If you’re a Google Reader user like me, you’re probably freaking out about Google’s announcement that they are retiring Google Reader, effective July 1st, 2013.
Reader is/was a great RSS reader because it allows me to quickly scan the feeds of the many sites I follow across multiple devices. There are a bunch of RSS readers out there, but Google created an API (Application Programming Interface) that allowed other developers to create apps to view and manage your feed subscriptions.
If I marked a post as “read” on my laptop using the Google Reader in my browser, that same post would be marked “read” on my phone’s RSS reader, Feeddler Pro (a great app by the way). That’s the power of their API.
Now that Google is killing Reader, and it’s API, Feeddler will become useless.
What’s the alternative?
As I began to search for alternatives, I came across a CNET article with five alternatives to Google Reader. The first one was feedly, but it syncs using Google’s API, so I passed it over along with the other five. However, in the article’s comments, someone posted a link to an announcement on feedly’s blog that they’ve been building a clone of the Google Reader API. Codenamed Normandy, the project arose because feedly’s been expecting the Reader shutdown for a while.
If you begin using feedly with Google Reader before July 1st, you won’t notice any changes. The changeover will be seamless. I figured, what the heck, I’ll give it a try.
If you’re using Chrome, Safari, or Firefox, Feedler is a free browser plugin, and their Android and iOS apps are also free.
Getting to my Reader feeds in feedly was easy. First, I just clicked on the feedly Chrome Web Store link on their blog page. Then click on the blue “Add to Chrome” button at the top right.
Next, click the Add button to confirm you want to add the plugin to Chrome.
Up comes the feedly login page. If you’re already signed into the same Google Account that uses Google Reader, all you have to do is click the “Connect to Google Reader” button.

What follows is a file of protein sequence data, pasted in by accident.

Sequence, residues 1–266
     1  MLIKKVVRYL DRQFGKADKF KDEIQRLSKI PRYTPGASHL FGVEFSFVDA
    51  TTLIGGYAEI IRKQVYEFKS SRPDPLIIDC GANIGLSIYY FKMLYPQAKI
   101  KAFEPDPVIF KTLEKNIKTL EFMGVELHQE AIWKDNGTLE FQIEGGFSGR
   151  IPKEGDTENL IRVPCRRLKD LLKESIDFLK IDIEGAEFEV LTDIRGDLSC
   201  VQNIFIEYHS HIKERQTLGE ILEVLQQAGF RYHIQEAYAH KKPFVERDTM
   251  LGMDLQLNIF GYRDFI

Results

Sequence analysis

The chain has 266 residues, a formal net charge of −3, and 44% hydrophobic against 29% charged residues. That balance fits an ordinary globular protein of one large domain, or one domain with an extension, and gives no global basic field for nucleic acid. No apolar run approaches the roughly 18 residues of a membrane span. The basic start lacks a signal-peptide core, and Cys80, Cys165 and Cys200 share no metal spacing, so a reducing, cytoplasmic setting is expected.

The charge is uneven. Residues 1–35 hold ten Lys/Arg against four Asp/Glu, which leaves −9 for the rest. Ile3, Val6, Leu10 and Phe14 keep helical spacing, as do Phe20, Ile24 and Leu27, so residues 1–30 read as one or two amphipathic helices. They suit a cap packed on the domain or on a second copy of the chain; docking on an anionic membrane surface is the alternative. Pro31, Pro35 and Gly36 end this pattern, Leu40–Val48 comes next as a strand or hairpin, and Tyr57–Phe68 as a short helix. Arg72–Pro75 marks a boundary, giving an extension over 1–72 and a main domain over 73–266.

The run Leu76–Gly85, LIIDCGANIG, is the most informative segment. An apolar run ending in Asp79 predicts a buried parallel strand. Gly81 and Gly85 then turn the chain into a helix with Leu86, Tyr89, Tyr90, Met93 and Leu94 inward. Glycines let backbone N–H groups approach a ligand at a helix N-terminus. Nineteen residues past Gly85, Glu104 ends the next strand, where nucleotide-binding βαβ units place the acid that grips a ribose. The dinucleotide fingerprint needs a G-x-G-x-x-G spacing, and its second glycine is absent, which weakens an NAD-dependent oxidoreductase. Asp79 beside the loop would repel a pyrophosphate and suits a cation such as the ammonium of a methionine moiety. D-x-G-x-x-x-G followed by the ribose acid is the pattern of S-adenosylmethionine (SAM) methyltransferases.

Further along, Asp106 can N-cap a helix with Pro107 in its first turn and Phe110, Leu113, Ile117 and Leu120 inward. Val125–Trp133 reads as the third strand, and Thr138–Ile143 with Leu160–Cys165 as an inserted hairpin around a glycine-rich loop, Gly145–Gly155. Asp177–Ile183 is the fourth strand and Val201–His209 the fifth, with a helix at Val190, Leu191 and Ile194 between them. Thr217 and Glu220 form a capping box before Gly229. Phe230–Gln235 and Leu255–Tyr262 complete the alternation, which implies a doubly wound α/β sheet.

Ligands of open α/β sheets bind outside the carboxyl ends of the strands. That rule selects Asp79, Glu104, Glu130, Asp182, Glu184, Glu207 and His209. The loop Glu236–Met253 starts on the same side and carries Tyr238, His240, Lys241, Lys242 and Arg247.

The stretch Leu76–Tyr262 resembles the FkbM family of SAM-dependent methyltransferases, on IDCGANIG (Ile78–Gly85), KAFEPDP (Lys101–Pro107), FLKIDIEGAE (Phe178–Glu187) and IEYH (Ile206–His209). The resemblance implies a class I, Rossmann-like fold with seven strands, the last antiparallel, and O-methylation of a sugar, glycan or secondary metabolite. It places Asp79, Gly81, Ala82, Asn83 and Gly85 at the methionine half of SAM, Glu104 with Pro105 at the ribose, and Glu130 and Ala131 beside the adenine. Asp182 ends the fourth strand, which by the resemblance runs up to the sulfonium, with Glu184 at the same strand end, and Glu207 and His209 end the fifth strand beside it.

You’ll see one more confirmation pop-up to let feedly access some of your Google Profile information. Click the “Allow access” button.
Be patient. If you’re trying out feedly soon after the Google Reader announcement, it’s a bit slow. No doubt they’re getting slammed by all the disgruntled Reader users.
In order to ease the transition from Google Reader, feedly has published some tips to help adapt to it’s desktop interface.
Also, there are two versions of feedly – a regular and a “plus” version. The main difference is that feedly plus has a toolbar button that shows the number of unread articles and gives you a way to quickly launch feedly.
Feedly also says that the plus version will “evolve into a tool for power readers.” Perhaps that means it will eventually become a freemium service, which is something to keep in mind before getting too attached to it.
One other cool thing I read in feedly’s Normandy announcement is that they are inviting third-party developers who use the Google Reader API to get in touch if they’re interested in using Normandy for their apps. Maybe I won’t have to get rid of my iPhone’s Feeddler app after all, which would be nice in case feedly doesn’t work out.
I’m sure a lot is going to happen in the RSS reader arena in the near future as a result of Reader’s retirement. Help us all find the best alternative, and let us know in the comments what you’re using instead of Google Reader and how you like it.